The bit bucket. A black hole where you can send data for it never to be seen again. Anything sent to /dev/null will disappear. This can be useful if, for example, you wish to run a command but not have any feedback appear on the terminal. It is a character device on major node 1 and minor node 3.
The PS/2 mouse port. This is a character device on major node 10, minor node 1.
Parallel port IDE disks. These are named similarly to disks on the internal IDE controllers (/dev/hd* ). They are block devices on major node 45. Minor nodes need slightly more explanation here. The first device is /dev/pda and it is on minor node 0. Partitions on this device are found by adding the partition number to the minor number for the device. Each device is limited to 15 partitions each rather than 63 (the limit for internal IDE disks). /dev/pdb minor nodes start at 16, /dev/pdc at 32 and /dev/pdd at 48. So for example the minor node number for /dev/pdc6 would be 38 (32 + 6 = 38). This scheme limits you to 4 parallel disks of 15 partitions each.
Parallel port CD ROM drives. These are numbered from 0 onwards. All are block devices on major node 46. /dev/pcd0 is on minor node 0 with subsequent drives being on minor nodes 1, 2, 3 etc.
Parallel port tape devices. Tapes do not have partitions so these are just numbered sequentially. They are character devices on major node 96. The minor node numbers start from 0 for /dev/pt0 , 1 for /dev/pt1 , and so on.
The raw parallel ports. Most devices which are attached to parallel ports have their own drivers. This is a device to access the port directly. It is a character device on major node 99 with minor node 0. Subsequent devices after the first are numbered sequentially incrementing the minor node.
- /dev/random or /dev/urandom
These are kernel random number generators. /dev/random is a non-deterministic generator which means that the value of the next number cannot be guessed from the preceding ones. It uses the entropy of the system hardware to generate numbers. When it has no more entropy to use then it must wait until it has collected more before it will allow any more numbers to be read from it. /dev/urandom works similarly. Initially it also uses the entropy of the system hardware, but when there is no more entropy to use it will continue to return numbers using a pseudo random number generating formula. This is considered to be less secure for vital purposes such as cryptographic key pair generation. If security is your overriding concern then use /dev/random , if speed is more important then /dev/urandom works fine. They are character devices on major node 1 with minor nodes 8 for /dev/random and 9 for /dev/urandom .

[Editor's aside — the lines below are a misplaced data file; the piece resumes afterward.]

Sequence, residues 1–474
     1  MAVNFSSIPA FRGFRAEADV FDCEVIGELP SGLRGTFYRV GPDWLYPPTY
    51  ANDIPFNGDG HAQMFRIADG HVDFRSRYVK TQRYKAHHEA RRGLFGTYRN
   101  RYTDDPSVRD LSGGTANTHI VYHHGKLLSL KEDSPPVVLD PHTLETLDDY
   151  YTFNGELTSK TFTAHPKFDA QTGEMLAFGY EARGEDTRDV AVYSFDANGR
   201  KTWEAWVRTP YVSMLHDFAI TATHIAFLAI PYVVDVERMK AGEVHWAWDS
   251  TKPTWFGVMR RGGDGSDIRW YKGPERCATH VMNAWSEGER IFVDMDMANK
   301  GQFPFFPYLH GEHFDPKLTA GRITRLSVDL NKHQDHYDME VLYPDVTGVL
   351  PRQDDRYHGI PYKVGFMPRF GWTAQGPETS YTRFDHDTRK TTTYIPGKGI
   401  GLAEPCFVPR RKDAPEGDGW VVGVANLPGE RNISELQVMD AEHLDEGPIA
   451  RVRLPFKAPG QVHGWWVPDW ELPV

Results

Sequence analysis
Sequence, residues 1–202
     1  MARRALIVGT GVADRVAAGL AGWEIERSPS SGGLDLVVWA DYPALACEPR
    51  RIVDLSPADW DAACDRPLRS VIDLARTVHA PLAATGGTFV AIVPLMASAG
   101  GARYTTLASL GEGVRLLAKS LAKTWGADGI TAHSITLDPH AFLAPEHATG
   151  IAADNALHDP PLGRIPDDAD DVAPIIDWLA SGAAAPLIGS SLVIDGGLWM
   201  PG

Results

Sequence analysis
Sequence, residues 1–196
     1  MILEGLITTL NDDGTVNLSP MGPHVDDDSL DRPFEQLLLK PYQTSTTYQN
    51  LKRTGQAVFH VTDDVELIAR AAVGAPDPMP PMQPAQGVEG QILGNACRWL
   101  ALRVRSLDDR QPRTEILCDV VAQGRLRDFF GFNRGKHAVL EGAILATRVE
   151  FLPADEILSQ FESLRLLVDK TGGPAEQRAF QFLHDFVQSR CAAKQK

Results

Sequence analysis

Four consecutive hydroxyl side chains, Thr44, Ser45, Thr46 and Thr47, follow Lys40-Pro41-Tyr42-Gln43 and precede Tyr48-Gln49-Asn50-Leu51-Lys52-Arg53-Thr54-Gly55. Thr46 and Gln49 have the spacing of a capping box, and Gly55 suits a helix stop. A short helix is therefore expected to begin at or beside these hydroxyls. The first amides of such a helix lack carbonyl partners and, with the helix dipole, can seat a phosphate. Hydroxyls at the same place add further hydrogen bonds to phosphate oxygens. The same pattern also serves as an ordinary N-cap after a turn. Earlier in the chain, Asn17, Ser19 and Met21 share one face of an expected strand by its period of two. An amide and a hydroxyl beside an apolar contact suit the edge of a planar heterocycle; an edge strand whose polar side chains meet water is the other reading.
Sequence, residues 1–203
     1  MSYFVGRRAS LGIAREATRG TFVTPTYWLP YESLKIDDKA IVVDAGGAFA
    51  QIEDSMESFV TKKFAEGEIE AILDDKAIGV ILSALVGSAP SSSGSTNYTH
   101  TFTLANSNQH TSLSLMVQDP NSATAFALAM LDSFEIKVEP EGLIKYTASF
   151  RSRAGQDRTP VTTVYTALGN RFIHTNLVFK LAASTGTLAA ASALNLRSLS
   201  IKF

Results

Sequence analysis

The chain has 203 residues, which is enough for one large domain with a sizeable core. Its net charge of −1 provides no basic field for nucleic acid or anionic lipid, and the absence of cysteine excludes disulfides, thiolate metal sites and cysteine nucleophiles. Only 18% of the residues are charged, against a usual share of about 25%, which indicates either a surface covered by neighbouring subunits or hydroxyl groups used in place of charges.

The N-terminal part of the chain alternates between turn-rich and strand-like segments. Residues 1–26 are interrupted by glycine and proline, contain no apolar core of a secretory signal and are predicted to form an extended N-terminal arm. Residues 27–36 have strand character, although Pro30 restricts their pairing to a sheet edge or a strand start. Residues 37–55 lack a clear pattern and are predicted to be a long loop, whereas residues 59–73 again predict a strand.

The first SCSI drive on the first SCSI bus. The following drives are named similar to IDE drives. /dev/sdb is the second SCSI drive, /dev/sdc is the third SCSI drive, and so forth.
By default Ubuntu has ramdisk mounted into /dev/shm/ directory so you can just copy/move files into that dir and be sure they’ll be stored in RAM memory. That could be useful for, say, video conversion when both input and output files are stored in ramdisk — resulting performance will be better as read and write speeds are higher for ram than for hdd or any other storage. This is due to the fact CPU cannot access to HDD directly while it can do it with RAM.
The first serial port. Many times this it the port used to connect an external modem to your system.
virtual console memory. /dev/vcs0 is a character device with major number 7 and minor number 0, usually of mode 0644 and owner root.tty. It refers to the memory of the currently displayed virtual console terminal. /dev/vcs[1-63] are character devices for virtual console terminals, they have major number 7 and minor number 1 to 63, usually mode 0644 and owner root.tty. /dev/vcsa[0-63] are the same, but using unsigned shorts (in host byte order) that include attributes, and prefixed with four bytes giving the screen dimensions and cursor position: lines, columns, x, y. (x = y = 0 at the top left corner of the screen.)
This is a simple way of getting many 0s. Every time you read from this device it will return 0. This can be useful sometimes, for example when you want a file of fixed length but don't really care what it contains. It is a character device on major node 1 and minor node 5.
- Not a complete list but it shows the gist of these items.
- Large part of it from: linux.about.com. The others by using google ;)